Levels of Verbal Communication

Written by charles pearson
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Levels of Verbal Communication
Though a lot of communication is nonverbal, verbal communication is crucial in a modern society. (Alistair Berg/Digital Vision/Getty Images)

The two types of communication are verbal and nonverbal. Verbal communication has more to it than just the meaning of words and sentences. The way in which words are said and the order of the words can not only change the meaning of the sentences but can also change the audience's attitude toward the words.

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Sound

Sound is one level of verbal communication. People with vocal cords can produce a variety of sounds that can imitate natural sounds. For example, a person can bring to mind in others the image of a cow by trying to imitate the moo. Some sounds are involuntary, such as the sounds created when laughing. Other sounds are words that have specific meanings that can be understood by the audience, if the audience knows the meaning of the words.

Language

To effectively communicate to another individual verbally, both the speaker and the receiver must speak the same language. Languages are made up of both standardised grammar and memorised words and idioms, or nonliteral expressions or phrases. Most languages have too many words for any one person to remember, but individuals from a particular group tend to learn most of the same words. As a result, using a certain word can cause others to place the speaker in a certain class, profession or age group, according to Reginald A. Bruce, a faculty member in the University of Louisville College of Business.

According to a University of Utah Communication Department outline, language is arbitrary, which means the language does not have a natural connection and is instead created by humans. For example, the word "dog" has no natural connection to the animal that the word represents but is only connected to this species because dogs were given this word by the speakers of the English language.

Tone and Inflection

Verbal communication can have tone. Tone is a way of speaking that others interpret as having a meaning behind it. Individuals can often communicate more than the actual words spoken through tone. For example, the phrase "thanks a lot" can mean something very different if it is said in a sarcastic tone than if it's said with a sincere or passionate tone.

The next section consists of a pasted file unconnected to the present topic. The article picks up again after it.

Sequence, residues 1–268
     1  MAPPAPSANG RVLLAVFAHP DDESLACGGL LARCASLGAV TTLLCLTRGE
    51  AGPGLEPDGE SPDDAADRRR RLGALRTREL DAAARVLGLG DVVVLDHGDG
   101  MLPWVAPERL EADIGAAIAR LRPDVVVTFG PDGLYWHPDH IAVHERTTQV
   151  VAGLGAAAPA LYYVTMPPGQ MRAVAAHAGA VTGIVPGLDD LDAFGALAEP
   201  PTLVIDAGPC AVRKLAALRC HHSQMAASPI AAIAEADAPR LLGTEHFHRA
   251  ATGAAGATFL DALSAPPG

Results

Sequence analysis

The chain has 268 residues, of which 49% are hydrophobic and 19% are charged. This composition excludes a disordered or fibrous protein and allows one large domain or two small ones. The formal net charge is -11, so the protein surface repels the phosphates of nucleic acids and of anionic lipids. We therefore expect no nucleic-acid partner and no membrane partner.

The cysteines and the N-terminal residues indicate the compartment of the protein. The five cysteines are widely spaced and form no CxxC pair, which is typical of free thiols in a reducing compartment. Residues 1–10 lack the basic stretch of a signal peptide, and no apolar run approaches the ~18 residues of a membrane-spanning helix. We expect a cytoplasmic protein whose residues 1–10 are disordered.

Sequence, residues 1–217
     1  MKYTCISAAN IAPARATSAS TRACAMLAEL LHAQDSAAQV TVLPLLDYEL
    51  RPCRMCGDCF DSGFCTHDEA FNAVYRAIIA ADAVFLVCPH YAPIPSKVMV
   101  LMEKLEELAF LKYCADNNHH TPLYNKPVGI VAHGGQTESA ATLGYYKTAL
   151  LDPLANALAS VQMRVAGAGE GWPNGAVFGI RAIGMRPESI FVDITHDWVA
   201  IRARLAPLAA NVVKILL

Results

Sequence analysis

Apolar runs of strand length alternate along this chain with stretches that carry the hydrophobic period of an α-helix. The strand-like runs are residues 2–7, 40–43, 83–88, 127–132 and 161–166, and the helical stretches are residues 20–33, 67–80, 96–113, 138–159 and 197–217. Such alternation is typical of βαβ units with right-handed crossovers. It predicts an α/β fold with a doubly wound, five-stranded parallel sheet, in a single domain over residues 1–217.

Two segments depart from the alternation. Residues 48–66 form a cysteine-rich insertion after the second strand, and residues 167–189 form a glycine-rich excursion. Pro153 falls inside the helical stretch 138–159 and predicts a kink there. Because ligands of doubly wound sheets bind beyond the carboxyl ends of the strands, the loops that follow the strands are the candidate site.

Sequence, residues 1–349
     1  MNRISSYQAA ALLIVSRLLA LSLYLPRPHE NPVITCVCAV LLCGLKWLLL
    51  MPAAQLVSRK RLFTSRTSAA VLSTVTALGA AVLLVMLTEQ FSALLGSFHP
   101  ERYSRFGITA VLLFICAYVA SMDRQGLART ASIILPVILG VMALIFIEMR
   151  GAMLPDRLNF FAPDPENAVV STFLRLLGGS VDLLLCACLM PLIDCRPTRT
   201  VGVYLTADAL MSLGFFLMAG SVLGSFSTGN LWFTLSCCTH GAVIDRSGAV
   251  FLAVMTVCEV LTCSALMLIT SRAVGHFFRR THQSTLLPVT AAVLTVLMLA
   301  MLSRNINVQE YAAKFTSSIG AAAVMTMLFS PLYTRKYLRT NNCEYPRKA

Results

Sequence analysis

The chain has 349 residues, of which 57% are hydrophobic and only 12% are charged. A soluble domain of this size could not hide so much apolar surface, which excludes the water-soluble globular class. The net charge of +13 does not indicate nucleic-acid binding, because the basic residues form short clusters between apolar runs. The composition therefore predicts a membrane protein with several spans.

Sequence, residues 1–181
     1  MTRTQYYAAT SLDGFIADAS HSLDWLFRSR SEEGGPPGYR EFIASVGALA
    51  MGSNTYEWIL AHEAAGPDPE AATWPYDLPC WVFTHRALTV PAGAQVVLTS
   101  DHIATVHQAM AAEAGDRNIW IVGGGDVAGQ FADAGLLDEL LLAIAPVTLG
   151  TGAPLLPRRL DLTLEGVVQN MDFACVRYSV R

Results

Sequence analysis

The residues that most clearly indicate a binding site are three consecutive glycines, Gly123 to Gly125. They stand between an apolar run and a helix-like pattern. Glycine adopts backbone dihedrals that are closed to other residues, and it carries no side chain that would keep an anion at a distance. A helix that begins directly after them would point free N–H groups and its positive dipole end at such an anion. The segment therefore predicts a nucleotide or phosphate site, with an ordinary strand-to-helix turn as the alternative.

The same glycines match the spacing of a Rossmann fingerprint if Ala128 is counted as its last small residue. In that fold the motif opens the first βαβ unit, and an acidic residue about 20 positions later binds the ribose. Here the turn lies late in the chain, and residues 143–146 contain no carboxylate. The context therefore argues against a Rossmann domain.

Inflection plays an important role in verbal communication. Inflection includes both the pitch at which you say something and also which parts you emphasise while saying it. Raising the inflection can indicate a question, which can change the meaning of the sentence, "Go to the store." Lowering an inflection can indicate the ending of a sentence or thought. The meaning of the sentence can sometimes be changed when emphasis is placed on a different word. For example, when saying "I didn't eat the crisps," placing the stress on "I" can imply that you didn't eat the crisps but someone else did. Placing an emphasis on "potato chips" implies that you didn't eat the crisps but that you ate something else.

Written Communication

Written communication is considered a form of verbal communication because words are used.

Slogans

Rhyming can play a role in helping individuals remember ideas. Slogans sometimes rely on rhymes so individuals will remember certain ideas or will come to associate a name with certain concepts. Repetition is used to help other individuals remember these slogans.

Public Speaking

Public speakers must make an extra effort to hold the attention of a large audience of individuals, since not all of the audience will be interested in what the speaker says. Humour can be a good thing in most communication, but it can be especially helpful in public speaking, since jokes and funny anecdotes can keep the audience interested, according to A Research Guide for Students, a website devoted to providing advice on researching and presenting findings. Visual aids -- such as posters and slide presentations -- are often used for audience members who are have an easier time understanding visual information.

Interpersonal Communication

Interpersonal verbal communication sometimes requires extra skills that public speaking does not require. In interpersonal speaking, etiquette is necessary to reduce the risk of offending anyone. Emotional intelligence is needed so the communicator can speak to the receiver's emotions as well as the logical side of the receiver.

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